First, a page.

Indiana took Miami to seven games in the Eastern Conference finals but the Heat were able to knock out the Pacers in Game 7. The San Antonio Spurs may have as much talent as the Pacers, but they’re a much better team.
With sturdy defense, unusual discipline and unbelievable performances from its two brightest stars, San Antonio edged Miami, 92-88, to take Game 1 of the NBA Finals on Thursday night.
First of all, and most importantly, Miami has to contend with an efficient, all-around point guard for the first time this postseason. With all due respect to Brandon Jennings (at times a volume shooter), Nate Robinson (a good bench sparkplug but not much more) and George Hill (a really good defender with a relatively limited offensive game), no backcourt player in these playoffs has done more for his team than Tony Parker.
Parker has been a godsend for the Spurs, especially after his amazing acrobatic shot that closed the scoring in Game 1. Over his last three games Parker has shot an incredible 35-for-61 from the field, or 57.4 percent. To take that many shots per game and hit at that rate is something truly special and even historic.
“Tony’s shot is one of those things that happens sometimes,” Manu Ginobili said after the game.
And if Parker’s play this postseason wasn’t impressive enough at face value, consider that he has actually been a much better scorer away from the AT&T Center. Look at his playoff splits:
|Postseason Parker||Games||Min||FG %||3 FG %||Points||Assists||Rebs||FTA|
How can a guard like Parker take so many shots and shoot 51 percent from the field on the road? It can only be described as one of the great postseason performances by a point guard in quite some time.
The scary thing for the Heat is that they have a lot more to worry about than Parker. Again, these are not the Pacers we’re talking about. Consider:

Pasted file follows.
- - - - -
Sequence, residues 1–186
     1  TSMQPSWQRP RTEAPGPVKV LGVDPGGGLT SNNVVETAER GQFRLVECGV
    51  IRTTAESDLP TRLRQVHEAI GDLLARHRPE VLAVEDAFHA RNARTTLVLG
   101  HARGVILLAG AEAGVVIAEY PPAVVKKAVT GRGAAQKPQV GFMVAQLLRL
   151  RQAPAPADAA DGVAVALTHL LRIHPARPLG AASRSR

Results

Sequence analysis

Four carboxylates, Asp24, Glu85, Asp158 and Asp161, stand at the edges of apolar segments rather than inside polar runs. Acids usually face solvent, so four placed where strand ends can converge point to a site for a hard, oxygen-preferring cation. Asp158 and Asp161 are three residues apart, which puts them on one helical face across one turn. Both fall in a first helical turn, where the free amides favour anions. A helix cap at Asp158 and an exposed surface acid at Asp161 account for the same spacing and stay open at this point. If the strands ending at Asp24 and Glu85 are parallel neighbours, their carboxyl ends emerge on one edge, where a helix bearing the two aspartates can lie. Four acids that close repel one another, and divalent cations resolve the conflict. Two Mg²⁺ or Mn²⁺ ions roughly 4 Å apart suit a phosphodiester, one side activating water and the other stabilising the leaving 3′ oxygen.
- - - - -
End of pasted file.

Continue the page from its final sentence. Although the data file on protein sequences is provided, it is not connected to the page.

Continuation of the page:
San Antonio has a quality bench: No longer can Miami feast on an inferior second unit. Only two San Antonio bench players logged over 10 minutes Thursday – Ginobili and Gary Neal – and both of them had positive differentials while on the floor. Ray Allen and Mike Miller had good games early for Miami, but San Antonio’s defense clamped down in a major way during the latter stages.
San Antonio has Tim Duncan: Despite being 37 years old and missing his first five shots, Duncan became the oldest player since Kareem Abdul-Jabbar to score 20 points and grab 14 rebounds in a Finals game. With all due respect to Roy Hibbert, David West and Paul George, no NBA player leads his team and commands the respect of his opposition the way Duncan impacts the Spurs and their opponents. It should come as no surprise that Duncan and Parker led the game with a plus-9 each.
The lengthy series against Indiana may have had an impact on LeBron James, but San Antonio was also able to make him more of a passive player in Game 1. Miami does not want James, Dwyane Wade and Chris Bosh to take the same number of shots. (It was 16 for LeBron, 15 for Wade and 16 for Bosh.) James may have had a triple-double, but seemed a tad passive at times and became the first player in the Finals to lose while having a triple-double since Larry Bird in 1986.
Bosh especially should take fewer shots, considering the slump he’s currently enduring. Over his last five games, Bosh is shooting 28 percent from the field while averaging five rebounds. Bosh is actually shooting markedly better from 3-point range (36.4 percent) over this span, which means that San Antonio would like nothing more than to see Bosh shoot at this point.
Unlike Indiana in Game 7, San Antonio succeeded in deterring Heat drives towards the basket. Miami passed on 53 percent of its drives while shooting 3-for-12 on its drive-and-kicks, according to ESPN Stats & Info. The Spurs’ defense improved as the game progressed, and San Antonio neutralized Miami’s dribble-drive aggression it so greatly thrives on, even though the game was fast-paced (compared to the East finals) and more conducive to the Heat’s style of play.
“The Spurs are the Spurs,” James said. “They’re going to put you in positions where you feel uncomfortable offensively and defensively, and every time you make a mistake, they’re going to capitalize on it.”
San Antonio clearly set a message that this series is going to be tough and intense on Miami, and the Heat have to raise their level of play to vanquish the Spurs. Come Game 2 on Sunday night, Miami will have to “up the ante” and be primed and ready against a uniquely determined Spurs squad.
Shlomo Sprung loves advanced statistics and the way they explain what happens on the court. He is also the web editor of the Brooklyn Daily Eagle. A 2011 graduate of Columbia University’s Journalism School, he has previously worked for the New York Knicks, The Sporting News, Business Insider and other publications. His website is SprungOnSports.com. You can follow him on Twitter.